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of history and -- 20, 25 years of history and as a consequence is a process of learning on the way through. investors in my country of australia have seen ups and downs over decades and you kind of, you know you're accustomed to swings and round about when it comes to the stock exchange. chinese investors haven't had that experience. so they've acted for political reasons to stabilize the market. remember, this is a one-party state. it is a country which says we are not about to become a liberal democracy. we are an authoritarian state and, in my judgment hearing what could best be described as a state capitalist model. so it will always be different to what we anticipate in our own countries. >> bremmer: this will be gone in a week, we'll stop talking about it but i wonder, if we think about the longer term, is there a danger that the chinese government is increasingly going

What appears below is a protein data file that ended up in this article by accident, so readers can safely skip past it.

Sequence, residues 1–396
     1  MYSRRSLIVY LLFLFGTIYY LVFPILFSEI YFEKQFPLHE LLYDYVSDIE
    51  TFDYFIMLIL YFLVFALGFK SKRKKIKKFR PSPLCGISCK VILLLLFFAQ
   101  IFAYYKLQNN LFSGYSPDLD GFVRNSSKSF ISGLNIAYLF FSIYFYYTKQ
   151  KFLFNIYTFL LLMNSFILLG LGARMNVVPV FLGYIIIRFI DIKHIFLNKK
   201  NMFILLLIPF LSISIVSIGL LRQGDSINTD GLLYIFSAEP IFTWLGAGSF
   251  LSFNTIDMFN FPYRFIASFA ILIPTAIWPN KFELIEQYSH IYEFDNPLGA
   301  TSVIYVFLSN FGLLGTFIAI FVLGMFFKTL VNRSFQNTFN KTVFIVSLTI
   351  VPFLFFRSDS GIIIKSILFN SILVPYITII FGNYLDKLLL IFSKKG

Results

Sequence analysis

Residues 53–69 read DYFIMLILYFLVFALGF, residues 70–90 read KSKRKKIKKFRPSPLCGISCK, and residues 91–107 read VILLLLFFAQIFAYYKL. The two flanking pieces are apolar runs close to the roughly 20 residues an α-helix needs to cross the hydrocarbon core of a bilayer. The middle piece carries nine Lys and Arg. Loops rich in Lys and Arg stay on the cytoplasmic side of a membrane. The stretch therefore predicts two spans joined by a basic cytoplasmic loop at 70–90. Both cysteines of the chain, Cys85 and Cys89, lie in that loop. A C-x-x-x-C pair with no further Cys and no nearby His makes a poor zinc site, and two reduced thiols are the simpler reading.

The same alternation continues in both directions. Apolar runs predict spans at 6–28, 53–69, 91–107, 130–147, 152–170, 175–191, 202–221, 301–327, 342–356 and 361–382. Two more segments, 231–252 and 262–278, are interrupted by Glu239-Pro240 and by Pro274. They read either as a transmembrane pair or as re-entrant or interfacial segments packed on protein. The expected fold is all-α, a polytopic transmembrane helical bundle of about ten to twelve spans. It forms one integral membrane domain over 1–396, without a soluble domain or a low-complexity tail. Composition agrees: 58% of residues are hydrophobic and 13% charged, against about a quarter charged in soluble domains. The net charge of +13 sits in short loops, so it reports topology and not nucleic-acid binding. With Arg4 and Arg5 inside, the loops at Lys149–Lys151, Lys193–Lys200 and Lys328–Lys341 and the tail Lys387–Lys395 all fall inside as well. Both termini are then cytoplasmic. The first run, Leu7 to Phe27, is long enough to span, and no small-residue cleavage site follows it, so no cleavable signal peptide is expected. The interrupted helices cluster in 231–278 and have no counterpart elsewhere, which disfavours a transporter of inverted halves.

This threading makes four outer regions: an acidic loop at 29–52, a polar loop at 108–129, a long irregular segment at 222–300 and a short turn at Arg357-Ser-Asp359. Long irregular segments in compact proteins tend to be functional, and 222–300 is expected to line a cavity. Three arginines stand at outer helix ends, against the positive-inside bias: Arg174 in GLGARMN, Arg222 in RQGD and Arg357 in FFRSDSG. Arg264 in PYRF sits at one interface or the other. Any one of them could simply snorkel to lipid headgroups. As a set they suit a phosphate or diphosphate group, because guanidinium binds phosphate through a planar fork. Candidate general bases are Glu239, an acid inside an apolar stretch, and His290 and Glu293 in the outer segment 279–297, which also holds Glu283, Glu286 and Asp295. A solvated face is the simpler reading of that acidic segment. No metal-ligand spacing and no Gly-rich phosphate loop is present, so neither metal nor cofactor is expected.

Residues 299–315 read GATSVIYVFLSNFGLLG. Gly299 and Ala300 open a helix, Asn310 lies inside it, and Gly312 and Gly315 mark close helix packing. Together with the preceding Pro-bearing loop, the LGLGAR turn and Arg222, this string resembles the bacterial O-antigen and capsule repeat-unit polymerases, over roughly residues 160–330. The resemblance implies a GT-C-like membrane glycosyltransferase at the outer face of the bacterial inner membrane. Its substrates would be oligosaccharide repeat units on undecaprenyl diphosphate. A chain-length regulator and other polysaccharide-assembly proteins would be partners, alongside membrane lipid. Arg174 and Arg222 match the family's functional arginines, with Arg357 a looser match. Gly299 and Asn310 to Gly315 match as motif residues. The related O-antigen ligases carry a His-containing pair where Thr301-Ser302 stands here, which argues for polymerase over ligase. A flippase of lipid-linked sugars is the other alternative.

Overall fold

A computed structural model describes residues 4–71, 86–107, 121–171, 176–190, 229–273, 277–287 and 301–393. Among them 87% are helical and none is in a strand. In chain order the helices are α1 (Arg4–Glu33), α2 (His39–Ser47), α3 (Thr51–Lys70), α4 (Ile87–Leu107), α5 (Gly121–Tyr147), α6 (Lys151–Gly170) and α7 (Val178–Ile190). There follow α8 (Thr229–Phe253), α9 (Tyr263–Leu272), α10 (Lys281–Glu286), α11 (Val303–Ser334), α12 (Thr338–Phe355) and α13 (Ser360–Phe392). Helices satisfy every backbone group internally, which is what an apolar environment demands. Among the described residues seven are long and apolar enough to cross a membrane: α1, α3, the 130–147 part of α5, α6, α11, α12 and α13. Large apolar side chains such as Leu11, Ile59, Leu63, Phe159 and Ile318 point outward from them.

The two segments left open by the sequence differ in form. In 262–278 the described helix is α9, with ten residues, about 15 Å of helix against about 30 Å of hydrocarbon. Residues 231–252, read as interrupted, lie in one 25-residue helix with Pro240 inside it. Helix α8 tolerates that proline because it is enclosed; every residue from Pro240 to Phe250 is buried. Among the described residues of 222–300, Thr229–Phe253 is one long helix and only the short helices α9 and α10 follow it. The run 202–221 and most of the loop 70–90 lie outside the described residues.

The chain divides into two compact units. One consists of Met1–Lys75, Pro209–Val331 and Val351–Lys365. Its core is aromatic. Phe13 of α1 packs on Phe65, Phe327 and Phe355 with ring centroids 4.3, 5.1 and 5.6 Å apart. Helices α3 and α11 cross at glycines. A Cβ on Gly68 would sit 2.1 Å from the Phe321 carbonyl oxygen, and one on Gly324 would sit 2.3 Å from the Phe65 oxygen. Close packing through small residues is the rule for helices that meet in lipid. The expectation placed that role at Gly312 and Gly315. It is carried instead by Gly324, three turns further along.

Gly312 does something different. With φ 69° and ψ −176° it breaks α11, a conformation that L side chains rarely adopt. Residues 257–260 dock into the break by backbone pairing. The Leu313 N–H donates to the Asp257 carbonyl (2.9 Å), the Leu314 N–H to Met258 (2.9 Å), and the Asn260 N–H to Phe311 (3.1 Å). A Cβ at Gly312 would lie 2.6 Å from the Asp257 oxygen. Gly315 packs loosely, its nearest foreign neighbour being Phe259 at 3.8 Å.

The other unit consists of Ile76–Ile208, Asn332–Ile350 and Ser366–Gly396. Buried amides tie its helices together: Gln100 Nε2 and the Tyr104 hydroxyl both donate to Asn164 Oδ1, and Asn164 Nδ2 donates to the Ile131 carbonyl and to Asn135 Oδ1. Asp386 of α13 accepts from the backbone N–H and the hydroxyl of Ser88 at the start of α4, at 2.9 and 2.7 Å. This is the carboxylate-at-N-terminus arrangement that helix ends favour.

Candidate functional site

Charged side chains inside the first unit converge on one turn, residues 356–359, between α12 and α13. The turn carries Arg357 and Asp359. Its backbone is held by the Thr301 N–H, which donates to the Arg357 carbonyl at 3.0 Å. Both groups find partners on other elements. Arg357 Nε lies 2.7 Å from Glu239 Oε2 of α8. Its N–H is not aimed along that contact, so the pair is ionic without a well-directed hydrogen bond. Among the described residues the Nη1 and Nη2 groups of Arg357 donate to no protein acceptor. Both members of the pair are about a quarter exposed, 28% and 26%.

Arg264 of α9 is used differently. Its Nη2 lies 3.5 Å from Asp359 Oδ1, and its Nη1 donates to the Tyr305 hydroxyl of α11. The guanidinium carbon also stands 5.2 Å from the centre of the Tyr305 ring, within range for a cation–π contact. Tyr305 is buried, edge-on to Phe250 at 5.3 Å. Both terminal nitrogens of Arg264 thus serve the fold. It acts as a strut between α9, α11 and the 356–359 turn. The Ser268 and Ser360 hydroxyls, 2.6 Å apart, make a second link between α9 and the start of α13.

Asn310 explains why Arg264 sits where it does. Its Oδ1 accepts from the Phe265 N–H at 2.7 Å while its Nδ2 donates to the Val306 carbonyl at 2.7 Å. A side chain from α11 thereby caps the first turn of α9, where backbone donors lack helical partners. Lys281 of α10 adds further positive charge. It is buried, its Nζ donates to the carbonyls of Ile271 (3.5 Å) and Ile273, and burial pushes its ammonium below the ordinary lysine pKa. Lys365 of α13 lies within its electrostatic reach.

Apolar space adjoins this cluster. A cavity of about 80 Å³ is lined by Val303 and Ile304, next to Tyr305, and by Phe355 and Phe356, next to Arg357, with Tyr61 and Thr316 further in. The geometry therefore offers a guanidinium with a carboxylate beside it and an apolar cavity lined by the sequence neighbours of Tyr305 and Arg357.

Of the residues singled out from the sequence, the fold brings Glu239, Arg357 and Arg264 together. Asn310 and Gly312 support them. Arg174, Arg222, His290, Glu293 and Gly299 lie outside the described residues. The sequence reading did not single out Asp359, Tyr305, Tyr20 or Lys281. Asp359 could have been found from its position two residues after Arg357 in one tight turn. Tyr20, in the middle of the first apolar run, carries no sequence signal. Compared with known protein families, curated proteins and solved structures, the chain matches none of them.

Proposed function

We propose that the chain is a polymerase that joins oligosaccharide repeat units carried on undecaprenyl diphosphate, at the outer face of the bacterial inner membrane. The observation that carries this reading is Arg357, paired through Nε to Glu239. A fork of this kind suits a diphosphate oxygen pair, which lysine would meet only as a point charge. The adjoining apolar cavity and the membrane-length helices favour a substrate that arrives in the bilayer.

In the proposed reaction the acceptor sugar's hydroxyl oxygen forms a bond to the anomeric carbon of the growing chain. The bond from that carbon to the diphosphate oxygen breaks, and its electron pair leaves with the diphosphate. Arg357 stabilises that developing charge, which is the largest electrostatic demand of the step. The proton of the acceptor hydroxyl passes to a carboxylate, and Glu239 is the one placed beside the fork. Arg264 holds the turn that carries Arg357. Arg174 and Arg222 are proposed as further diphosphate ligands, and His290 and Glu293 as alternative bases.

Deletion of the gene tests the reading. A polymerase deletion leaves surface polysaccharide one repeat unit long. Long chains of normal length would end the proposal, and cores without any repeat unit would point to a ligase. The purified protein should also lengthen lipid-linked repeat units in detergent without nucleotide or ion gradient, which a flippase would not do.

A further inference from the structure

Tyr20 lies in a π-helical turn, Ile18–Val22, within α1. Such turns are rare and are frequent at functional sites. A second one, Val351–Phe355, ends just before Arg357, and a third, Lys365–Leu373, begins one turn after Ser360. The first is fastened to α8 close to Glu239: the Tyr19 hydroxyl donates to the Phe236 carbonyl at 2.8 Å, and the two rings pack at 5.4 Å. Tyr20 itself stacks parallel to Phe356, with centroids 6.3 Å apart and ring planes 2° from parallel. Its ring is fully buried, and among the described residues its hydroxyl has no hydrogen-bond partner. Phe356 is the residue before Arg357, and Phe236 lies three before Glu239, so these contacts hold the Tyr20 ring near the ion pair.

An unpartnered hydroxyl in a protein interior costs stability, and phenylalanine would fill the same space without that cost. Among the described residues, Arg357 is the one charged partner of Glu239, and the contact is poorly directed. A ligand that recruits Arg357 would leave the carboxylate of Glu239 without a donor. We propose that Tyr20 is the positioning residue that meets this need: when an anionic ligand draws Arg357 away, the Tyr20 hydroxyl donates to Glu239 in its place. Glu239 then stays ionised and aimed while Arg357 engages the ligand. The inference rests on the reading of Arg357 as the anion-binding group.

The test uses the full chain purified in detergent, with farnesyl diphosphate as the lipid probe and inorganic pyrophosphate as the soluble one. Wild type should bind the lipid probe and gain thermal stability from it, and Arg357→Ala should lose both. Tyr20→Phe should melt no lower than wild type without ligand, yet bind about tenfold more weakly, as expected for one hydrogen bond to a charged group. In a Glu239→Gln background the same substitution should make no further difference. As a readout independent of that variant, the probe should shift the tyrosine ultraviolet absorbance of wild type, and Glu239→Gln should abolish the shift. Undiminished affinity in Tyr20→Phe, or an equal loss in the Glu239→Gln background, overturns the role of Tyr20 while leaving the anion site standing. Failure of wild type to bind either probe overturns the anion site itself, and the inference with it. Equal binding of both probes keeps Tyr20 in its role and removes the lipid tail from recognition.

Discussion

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to be not democratic but nonetheless, increasingly caught up with the dmandz of chinese constituents, a component here and there to make them take their eye off the ball for the structural changes which are so hard to implement? >> remember the chinese are dealing with something different in history, pursuing market forms in the country which has the effect of disseminating information across the society as well while maintaining the fabric of a one-party state. and we looking across the collective west, would say well, that's not actually sustainable long-term. xi jinping's determination out of the chinese communist party is to prove he could right against what we would describe as the inevitable forms of history so they are imembarked in a unique experience in my judgment. we are going to have the consistent, difficult interrelationship between a state apparatus which wishes to